FORT KNOX, Ky. – The U.S. Army Cadet Command is announcing several changes to its annual Cadet Summer Training programs in response to COVID-19 concerns. Cadet Command leadership said the changes are meant to mitigate the spread of the virus, while ensuring cadets still receive the training required to become Army second lieutenants.
“CST 2020 planning is in progress, and all appropriate measures are being undertaken to ensure the health and safety of our Cadets, Cadre and civilians,” said Maj. Gen John Evans, commander of U.S. Army Cadet Command. “The situation regarding the pandemic is still evolving and because of this plans for CST 2020 have been adjusted so we can still meet all of our training requirements, but the inability to complete training as we normally do will not hinder any Cadets ability to move forward in ROTC.”
Changes to this year’s Cadet Summer Training include:
All training for Advanced and Basic Camps is moved from a centralized training event at Fort Knox to a distributed execution of training on campuses during the fall semester. There will be no Cadet training at Fort Knox this summer. Operation Agile Leader adjusts most Advanced Camp tasks to both on-campus training and a rigorous, task-force level off-campus field training exercise during the fall and spring semesters. These field training exercises will occur on major military installations and will be certified by each respective brigade commander. For the training tasks that cannot be trained on-campus, Cadets that commission in academic year 2021 will complete a 2-week course that will include a leadership field training exercise and select warrior tasks: employ hand grenade (live hand grenade), night infiltration course, and buddy team live fire exercise. The Distributed Basic Camp program ensures Cadets that are supposed to attend Basic Camp this summer be provided an additional program of instruction on-campus prior to the start of their fall semester to qualify them for the Advanced Course (Military Science Level III classes).
Senior Cadets that have completed all other commissioning requirements except Cadet Summer Training will not be required to attend training at Fort Knox and they will commission on-time.
After consulting with Training and Doctrine Command, Forces Command and our industry partners, other Cadet Summer Training conducted off of Fort Knox such as internships, the Nurse Summer Training Program, military badge producing schools, and Cadet Troop Leader Training will not be conducted this summer.
The decision to not conduct training at Fort Knox this summer comes after a very detailed, deliberate planning process that reviewed several courses of action; from limiting the number of Cadets that would have come to both Advanced and Basic Camps to decreasing the days spent on each training cycle. With the constantly changing COVID-19 environment and the fact that our Cadets and Cadre come from all over the United States, the Army determined the health and safety of our Cadets and Cadre as well as the American people was paramount and that we can and will meet all of our Cadets training objectives back on campus later this fall and the completion of their Basic Officer Leaders Course.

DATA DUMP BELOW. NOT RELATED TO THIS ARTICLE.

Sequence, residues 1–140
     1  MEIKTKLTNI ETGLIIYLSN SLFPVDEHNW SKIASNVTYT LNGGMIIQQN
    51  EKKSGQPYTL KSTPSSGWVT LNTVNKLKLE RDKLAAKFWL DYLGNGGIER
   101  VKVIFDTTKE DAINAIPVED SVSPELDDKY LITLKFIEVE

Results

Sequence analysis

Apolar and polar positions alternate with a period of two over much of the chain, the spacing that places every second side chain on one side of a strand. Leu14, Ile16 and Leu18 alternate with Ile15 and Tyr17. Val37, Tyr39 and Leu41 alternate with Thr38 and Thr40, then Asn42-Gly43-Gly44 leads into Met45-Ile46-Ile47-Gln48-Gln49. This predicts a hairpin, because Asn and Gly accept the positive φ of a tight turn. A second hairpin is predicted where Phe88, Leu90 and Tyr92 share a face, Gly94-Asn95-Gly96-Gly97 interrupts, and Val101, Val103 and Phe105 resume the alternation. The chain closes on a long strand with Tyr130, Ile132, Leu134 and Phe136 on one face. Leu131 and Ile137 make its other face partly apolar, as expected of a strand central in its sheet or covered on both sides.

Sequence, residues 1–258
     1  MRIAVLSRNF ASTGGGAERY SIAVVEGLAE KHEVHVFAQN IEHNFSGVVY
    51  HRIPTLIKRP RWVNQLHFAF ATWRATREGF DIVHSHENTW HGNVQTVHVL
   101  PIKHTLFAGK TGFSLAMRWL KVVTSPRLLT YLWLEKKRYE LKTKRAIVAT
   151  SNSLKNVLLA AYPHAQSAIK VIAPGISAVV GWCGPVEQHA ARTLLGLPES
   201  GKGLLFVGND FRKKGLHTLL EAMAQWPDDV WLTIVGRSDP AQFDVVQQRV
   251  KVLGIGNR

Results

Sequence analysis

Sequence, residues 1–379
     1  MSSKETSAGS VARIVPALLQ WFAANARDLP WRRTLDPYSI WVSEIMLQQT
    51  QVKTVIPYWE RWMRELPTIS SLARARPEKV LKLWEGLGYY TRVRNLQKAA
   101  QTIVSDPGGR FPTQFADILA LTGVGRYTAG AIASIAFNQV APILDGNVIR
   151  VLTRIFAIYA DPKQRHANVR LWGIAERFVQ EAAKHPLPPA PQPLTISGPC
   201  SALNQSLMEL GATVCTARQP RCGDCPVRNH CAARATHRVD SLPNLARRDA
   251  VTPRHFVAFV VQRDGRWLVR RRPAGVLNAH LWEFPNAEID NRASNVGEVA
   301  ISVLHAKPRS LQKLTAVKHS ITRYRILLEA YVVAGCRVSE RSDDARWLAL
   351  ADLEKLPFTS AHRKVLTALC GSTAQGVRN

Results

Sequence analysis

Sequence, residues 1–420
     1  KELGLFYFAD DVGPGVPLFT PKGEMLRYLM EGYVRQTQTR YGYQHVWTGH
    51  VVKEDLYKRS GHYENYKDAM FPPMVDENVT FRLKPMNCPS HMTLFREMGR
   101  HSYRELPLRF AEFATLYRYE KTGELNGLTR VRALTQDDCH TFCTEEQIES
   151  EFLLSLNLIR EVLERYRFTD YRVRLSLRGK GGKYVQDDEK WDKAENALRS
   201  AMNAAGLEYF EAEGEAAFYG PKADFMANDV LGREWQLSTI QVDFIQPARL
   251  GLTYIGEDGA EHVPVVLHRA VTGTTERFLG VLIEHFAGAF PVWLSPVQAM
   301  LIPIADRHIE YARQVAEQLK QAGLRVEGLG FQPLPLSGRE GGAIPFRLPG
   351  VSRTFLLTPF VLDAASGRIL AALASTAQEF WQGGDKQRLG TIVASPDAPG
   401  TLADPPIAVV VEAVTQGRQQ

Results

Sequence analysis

Evans said these will allow the command to ensure appropriate safety measures are in place and are operating effectively at training installations, while ensuring our future leaders are equipment with the necessary skills to become Army officers.
“One of our main focuses remains to develop leaders by accessing, training and educating,” Evans said. “We have to do so responsibly, currently we’ve already implemented CDC guidelines and DoD guidelines within the command to include all our ROTC programs and reduced the movement of our cadets and ROTC cadre. The decision to adjust the implementation of summer camps will allow leaders to focus on setting conditions so movement and training can be conducted in a safe manner in the future.”
U.S. Army Cadet Command leadership will maintain close communication with ROTC cadets and Cadre during the delay to ensure they have current information regarding their ROTC careers.
Army ROTC produces approximately 70 percent of the officers entering the Army each year and is available through nearly 1,000 college campuses nationwide ranging from Harvard to Berkley--from Tufts to Ohio State. Army ROTC teaches leadership and discipline, management techniques, cultural awareness and problem solving. Those who participate in Army ROTC and subsequently serve as Army officers develop leadership and managerial skills that last a lifetime.
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